A student who went into anaphylactic shock yesterday morning is sadly no longer with us after accidentally impaling themselves with this week’s copy of Bristol’s most unintentionally underground publication, Epigram. James Holsey, 19, fell victim to his own fatal confusion after his medicinal shank was unknowingly mistaken for something much less piercing.
Coroners on the scene revealed that the undergraduate’s reaction to several baby cashews carelessly omitted from an otherwise accurate brunch menu would have been ‘mild’ and importantly ‘non-fatal’. The cause of death, they concluded, was more than likely related to the student newspaper lodged in their right thigh.
The Whip was granted an interview with one of the doctors in charge of the post-mortem analysis. “We can confirm that the deceased did not die as a result of some sort of allergic reaction” she explained.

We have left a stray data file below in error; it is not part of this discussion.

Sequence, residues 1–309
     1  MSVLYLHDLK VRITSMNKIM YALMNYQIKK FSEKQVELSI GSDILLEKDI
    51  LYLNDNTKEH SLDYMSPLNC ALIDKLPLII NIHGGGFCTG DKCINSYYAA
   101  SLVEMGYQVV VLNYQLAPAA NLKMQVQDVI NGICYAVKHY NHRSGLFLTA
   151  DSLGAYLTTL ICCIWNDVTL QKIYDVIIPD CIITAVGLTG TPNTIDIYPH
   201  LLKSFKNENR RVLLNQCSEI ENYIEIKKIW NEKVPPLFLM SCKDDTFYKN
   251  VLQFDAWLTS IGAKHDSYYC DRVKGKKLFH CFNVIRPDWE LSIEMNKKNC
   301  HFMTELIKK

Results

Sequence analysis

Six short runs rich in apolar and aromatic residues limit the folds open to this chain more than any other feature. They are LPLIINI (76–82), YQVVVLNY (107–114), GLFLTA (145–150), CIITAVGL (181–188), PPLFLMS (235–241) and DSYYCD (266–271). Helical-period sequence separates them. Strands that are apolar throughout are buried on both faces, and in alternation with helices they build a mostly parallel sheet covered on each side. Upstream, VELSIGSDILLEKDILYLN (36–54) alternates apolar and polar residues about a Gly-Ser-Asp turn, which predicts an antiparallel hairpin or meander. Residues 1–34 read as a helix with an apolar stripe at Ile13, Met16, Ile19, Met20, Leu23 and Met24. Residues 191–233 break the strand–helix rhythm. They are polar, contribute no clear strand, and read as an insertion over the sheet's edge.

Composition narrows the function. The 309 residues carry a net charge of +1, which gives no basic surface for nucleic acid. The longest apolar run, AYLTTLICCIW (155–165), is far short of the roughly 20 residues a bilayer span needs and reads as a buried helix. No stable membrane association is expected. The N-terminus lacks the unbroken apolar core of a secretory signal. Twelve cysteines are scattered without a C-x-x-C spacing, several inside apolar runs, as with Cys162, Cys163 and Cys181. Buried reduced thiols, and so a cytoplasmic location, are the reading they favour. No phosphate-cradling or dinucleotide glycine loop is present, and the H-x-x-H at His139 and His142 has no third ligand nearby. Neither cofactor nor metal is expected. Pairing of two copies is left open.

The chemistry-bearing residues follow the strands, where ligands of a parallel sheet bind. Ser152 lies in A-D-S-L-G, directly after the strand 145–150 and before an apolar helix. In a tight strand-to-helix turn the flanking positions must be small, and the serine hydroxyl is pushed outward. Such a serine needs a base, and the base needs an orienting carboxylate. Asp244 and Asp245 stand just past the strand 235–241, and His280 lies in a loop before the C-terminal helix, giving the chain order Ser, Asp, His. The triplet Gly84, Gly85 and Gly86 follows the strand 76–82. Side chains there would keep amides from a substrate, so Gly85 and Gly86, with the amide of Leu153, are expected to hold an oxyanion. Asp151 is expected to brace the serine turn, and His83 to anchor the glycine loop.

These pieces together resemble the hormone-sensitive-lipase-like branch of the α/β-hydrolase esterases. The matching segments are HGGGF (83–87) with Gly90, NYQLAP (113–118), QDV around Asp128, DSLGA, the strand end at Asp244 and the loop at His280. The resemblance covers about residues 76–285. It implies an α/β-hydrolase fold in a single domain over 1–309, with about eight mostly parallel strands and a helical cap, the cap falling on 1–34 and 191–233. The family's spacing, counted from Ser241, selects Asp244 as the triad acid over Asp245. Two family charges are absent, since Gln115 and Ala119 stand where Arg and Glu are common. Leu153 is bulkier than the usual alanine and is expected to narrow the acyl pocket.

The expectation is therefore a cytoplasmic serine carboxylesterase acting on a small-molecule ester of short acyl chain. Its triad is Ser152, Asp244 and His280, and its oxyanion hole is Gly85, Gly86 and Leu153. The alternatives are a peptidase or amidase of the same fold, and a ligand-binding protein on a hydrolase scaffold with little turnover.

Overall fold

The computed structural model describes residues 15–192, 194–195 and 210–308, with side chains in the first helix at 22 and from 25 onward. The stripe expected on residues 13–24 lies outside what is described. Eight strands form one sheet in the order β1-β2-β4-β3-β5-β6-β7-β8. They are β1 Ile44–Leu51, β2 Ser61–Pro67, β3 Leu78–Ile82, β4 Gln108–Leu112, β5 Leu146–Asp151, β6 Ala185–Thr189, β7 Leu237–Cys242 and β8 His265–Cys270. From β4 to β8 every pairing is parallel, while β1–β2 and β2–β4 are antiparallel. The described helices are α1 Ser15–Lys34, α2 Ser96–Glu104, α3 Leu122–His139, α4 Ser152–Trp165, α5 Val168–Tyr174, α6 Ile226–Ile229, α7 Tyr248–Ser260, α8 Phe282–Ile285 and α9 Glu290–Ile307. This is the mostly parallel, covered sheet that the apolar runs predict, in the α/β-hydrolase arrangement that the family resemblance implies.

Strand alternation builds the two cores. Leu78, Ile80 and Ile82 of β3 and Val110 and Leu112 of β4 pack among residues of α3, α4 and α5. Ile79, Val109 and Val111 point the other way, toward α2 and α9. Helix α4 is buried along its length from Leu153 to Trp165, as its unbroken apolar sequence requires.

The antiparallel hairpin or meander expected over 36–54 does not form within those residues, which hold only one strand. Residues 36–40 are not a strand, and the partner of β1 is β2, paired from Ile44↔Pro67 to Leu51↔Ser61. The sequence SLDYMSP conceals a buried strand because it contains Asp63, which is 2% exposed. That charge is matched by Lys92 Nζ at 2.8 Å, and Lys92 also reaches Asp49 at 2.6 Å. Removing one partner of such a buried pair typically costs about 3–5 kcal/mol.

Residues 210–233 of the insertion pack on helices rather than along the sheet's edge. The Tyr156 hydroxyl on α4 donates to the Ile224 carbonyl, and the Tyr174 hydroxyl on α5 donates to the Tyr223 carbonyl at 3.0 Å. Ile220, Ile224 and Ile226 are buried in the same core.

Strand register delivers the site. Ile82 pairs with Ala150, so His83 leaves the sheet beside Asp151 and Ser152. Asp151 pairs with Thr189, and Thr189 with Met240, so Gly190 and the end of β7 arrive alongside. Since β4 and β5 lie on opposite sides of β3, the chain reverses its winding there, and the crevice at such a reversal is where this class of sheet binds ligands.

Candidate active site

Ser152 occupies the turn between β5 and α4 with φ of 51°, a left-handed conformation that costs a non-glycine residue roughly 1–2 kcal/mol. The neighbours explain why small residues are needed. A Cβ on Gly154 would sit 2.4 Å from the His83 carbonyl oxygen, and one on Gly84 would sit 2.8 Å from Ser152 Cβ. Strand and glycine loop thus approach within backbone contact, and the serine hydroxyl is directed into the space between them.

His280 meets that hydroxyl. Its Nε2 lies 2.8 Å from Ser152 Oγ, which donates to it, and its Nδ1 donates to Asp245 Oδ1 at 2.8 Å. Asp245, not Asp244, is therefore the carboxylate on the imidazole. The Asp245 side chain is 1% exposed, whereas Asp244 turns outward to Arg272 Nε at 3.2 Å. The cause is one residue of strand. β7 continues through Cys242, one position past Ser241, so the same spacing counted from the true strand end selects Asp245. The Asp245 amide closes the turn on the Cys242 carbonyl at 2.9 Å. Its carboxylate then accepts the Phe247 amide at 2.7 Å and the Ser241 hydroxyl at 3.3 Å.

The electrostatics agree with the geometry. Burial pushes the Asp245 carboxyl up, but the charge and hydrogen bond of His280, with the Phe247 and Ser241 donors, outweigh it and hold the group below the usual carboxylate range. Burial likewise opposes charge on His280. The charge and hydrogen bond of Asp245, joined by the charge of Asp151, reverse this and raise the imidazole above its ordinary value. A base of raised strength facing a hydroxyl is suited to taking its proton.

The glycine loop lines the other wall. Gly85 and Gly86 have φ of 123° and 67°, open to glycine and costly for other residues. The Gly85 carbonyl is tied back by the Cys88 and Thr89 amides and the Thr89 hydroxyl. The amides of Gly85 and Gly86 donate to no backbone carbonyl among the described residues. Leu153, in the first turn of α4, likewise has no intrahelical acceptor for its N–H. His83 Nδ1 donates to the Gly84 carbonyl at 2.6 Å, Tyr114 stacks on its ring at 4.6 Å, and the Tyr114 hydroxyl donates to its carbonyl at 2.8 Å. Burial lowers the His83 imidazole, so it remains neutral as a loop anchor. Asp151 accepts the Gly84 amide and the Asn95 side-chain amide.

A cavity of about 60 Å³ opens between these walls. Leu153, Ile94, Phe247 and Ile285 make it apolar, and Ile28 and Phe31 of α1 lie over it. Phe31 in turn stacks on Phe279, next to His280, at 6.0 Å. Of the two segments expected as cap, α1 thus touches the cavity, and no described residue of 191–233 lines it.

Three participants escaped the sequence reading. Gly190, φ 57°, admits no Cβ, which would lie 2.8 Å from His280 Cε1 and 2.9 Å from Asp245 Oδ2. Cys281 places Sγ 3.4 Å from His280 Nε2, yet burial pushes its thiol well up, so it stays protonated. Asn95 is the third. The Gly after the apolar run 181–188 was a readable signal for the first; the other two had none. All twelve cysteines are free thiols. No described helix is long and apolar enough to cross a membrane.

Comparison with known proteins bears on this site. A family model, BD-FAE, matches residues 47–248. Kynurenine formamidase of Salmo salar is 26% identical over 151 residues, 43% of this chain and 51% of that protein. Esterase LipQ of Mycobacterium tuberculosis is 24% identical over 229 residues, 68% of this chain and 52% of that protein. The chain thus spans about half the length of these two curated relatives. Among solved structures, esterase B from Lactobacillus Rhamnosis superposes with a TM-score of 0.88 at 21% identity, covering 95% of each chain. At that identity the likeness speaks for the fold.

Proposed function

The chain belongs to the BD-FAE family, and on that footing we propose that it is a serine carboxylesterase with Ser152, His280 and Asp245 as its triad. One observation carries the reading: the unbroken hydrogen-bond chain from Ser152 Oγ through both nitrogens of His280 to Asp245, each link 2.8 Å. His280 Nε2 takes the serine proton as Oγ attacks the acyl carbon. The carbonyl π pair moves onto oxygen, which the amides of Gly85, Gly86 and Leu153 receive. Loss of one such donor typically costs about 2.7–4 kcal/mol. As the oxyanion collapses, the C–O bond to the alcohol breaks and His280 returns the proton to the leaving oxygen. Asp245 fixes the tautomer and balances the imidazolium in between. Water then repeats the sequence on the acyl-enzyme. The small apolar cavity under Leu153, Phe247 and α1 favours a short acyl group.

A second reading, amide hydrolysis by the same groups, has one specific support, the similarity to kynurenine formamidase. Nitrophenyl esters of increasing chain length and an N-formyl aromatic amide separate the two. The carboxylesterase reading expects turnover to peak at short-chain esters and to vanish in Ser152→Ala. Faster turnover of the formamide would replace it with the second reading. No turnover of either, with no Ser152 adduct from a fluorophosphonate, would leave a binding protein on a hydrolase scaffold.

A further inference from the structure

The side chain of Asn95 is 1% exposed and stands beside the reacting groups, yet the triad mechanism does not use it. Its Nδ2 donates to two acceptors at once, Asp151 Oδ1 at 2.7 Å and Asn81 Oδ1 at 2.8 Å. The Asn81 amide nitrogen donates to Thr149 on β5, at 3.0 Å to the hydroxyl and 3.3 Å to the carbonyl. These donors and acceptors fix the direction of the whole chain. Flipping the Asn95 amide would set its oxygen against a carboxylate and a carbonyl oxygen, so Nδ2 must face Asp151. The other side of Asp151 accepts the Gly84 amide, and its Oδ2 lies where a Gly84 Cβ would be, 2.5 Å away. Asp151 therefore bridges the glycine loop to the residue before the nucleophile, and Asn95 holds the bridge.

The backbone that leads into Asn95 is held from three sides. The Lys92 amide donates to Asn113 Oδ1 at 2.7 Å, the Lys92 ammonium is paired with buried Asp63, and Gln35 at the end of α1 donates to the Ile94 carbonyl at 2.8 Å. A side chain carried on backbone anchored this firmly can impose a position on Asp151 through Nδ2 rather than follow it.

“Instead, my team postulates that the victim passed away shortly after his chaotic attempt to self-administer his prescribed medication.” She concluded: “after Epigram came into contact with his blood stream through the lesion created in his leg, a complete shutdown of the part of the brain that controls your ability to find things interesting occurred. The boy died of boredom.”
Surprisingly, when asked to comment, Epigram seemed generally upbeat about the situation. One spokesperson, Sarah Johnson, said:
“We’ve never, ever had our finger on the pulse of popular culture, let alone stopped one from beating. This is new territory for us!”
However, the paper has since apologised to the family and friends of the departed after realising James was their only reader, and the only person in the world that had both picked up and also retained a print copy of the publication.